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From Otis Gospodnetic <otis_gospodne...@yahoo.com>
Subject Re: Flume for multi KB or MB docs?
Date Tue, 16 Oct 2012 03:14:52 GMT
Hi Mike,

Thanks for the info!  Our docs, however, are not quite 100MB - more like 5MB max and most
of the time under 10KB.  Would you still say Flume is not the right tool for the job?  If
so, what is the main concern?  Is it about the number of documents Flume will keep in memory
at any one time and thus require a potentially large heap and still risk OOMing?  Or is the
main concern that writing such "large" documents to disk will be slow?

My documents need to end up in Solr or ElasticSearch and maybe also in HDFS, so I was hoping
I could get ES and HDFS sinks from Flume for free.

Performance Monitoring for Solr / ElasticSearch / HBase - http://sematext.com/spm 

> From: Mike Percy <mpercy@apache.org>
>To: user@flume.apache.org; Otis Gospodnetic <otis_gospodnetic@yahoo.com> 
>Sent: Monday, October 15, 2012 6:15 PM
>Subject: Re: Flume for multi KB or MB docs?
>Hi Otis,
>Flume was designed as a streaming event transport system, not as a general purpose file
transfer system. The two have quite different characteristics, so while binary files could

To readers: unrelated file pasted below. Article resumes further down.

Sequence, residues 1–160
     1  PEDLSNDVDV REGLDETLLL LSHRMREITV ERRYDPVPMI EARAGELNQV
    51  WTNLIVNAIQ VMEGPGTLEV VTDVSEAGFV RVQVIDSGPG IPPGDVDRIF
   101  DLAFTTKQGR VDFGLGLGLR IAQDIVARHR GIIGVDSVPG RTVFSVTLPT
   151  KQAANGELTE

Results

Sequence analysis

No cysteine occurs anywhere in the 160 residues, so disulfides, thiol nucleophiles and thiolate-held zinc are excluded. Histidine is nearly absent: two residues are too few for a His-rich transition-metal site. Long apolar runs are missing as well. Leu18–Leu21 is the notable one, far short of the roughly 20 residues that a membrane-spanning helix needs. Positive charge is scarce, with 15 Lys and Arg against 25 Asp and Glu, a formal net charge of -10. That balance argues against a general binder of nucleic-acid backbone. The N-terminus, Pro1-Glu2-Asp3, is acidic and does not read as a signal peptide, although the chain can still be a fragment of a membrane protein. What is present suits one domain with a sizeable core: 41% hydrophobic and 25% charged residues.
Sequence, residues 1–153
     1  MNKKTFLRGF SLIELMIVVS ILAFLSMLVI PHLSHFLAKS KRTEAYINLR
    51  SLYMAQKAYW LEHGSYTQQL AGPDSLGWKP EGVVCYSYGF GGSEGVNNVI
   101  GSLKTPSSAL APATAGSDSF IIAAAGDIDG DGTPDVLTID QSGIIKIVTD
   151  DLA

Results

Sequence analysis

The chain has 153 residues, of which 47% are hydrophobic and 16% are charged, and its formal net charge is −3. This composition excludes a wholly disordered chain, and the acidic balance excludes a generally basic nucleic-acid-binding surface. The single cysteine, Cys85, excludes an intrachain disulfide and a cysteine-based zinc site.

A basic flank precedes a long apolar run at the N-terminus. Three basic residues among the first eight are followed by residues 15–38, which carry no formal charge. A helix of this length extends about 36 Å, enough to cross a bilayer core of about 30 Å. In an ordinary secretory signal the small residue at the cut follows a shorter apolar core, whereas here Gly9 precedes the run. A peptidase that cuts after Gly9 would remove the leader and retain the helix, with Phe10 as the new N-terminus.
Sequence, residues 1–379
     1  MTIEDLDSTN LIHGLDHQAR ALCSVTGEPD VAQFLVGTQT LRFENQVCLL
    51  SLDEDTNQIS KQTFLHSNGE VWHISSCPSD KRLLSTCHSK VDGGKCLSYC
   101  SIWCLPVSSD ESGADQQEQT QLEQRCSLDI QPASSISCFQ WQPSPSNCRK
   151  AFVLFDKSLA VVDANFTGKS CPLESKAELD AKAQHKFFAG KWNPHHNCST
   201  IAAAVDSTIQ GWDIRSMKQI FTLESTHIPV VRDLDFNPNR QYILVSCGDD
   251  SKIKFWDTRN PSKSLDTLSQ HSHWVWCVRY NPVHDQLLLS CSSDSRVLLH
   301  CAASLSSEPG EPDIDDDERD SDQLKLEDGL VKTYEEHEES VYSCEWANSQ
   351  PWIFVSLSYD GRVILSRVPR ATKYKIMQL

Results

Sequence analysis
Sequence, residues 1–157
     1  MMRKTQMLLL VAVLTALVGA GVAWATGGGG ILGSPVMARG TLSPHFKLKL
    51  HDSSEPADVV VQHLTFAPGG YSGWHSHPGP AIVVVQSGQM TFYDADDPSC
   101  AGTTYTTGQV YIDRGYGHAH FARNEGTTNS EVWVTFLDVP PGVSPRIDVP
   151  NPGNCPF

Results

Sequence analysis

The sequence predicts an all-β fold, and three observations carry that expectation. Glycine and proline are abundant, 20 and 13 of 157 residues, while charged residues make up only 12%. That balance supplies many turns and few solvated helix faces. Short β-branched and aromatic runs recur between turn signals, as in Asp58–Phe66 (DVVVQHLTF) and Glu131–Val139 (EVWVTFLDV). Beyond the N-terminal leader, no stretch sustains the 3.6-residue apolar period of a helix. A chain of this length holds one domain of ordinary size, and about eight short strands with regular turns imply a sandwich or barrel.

be transported by Flume, if you tried to transport a 100MB PDF as a single event you may have
issues around memory allocation, GC, transfer speed, etc., since we hold at least one event
at a time in memory. However if you want to transfer a large log file and each line is an
event then it's a perfect use case because you care about the individual events more than
the file itself.
>For transferring very large binary files that are not events or records, you may want
to look for something that it good at being a single-hop system with resume capability, like
rsync, to transfer the files. Then I suppose you could use the hadoop fs shell and a small
script to store the data onto HDFS. You probably wouldn't need all the fancy tagging, routing,
and serialization features that Flume has.
>Hope this helps.
>On Sun, Oct 14, 2012 at 5:49 PM, Otis Gospodnetic <otis_gospodnetic@yahoo.com> wrote:
>>We're considering using Flume for transport of potentially large "documents" (think
documents that can be as small as tweets or as large as PDF files).
>>I'm wondering if Flume is suitable for transporting potentially large documents (in
the most reliable mode, too) or if there is something inherent in Flume that makes it a poor
choice for this use case?
>>Performance Monitoring for Solr / ElasticSearch / HBase - http://sematext.com/spm 
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